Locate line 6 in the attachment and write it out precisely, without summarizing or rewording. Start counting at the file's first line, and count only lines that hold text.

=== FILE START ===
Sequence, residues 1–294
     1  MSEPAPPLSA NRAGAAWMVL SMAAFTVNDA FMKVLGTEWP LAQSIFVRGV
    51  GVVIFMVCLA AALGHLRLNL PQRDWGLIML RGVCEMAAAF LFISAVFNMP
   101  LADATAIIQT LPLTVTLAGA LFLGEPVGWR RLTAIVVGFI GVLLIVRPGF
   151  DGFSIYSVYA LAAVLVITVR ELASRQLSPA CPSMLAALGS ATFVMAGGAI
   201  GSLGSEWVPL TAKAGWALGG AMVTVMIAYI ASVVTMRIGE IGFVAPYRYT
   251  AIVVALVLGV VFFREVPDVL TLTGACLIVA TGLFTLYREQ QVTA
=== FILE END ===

   201  GSLGSEWVPL TAKAGWALGG AMVTVMIAYI ASVVTMRIGE IGFVAPYRYT